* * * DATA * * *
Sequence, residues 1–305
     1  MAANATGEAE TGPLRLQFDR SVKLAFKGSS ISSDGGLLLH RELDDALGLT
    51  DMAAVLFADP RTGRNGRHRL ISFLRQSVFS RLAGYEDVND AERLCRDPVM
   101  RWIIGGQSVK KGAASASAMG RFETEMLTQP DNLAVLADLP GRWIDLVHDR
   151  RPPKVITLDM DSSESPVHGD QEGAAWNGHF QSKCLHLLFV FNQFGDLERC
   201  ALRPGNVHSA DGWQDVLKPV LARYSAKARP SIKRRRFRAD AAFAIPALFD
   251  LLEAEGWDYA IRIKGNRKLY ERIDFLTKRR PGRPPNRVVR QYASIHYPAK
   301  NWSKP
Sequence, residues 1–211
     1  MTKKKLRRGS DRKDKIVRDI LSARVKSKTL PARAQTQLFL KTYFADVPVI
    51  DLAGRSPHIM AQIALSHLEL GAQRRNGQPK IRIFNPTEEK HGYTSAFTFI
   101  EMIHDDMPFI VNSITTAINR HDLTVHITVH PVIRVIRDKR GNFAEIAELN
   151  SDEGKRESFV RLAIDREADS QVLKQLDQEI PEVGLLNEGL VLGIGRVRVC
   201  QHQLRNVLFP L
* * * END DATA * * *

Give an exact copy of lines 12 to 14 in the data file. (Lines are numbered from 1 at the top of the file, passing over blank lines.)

   101  EMIHDDMPFI VNSITTAINR HDLTVHITVH PVIRVIRDKR GNFAEIAELN
   151  SDEGKRESFV RLAIDREADS QVLKQLDQEI PEVGLLNEGL VLGIGRVRVC
   201  QHQLRNVLFP L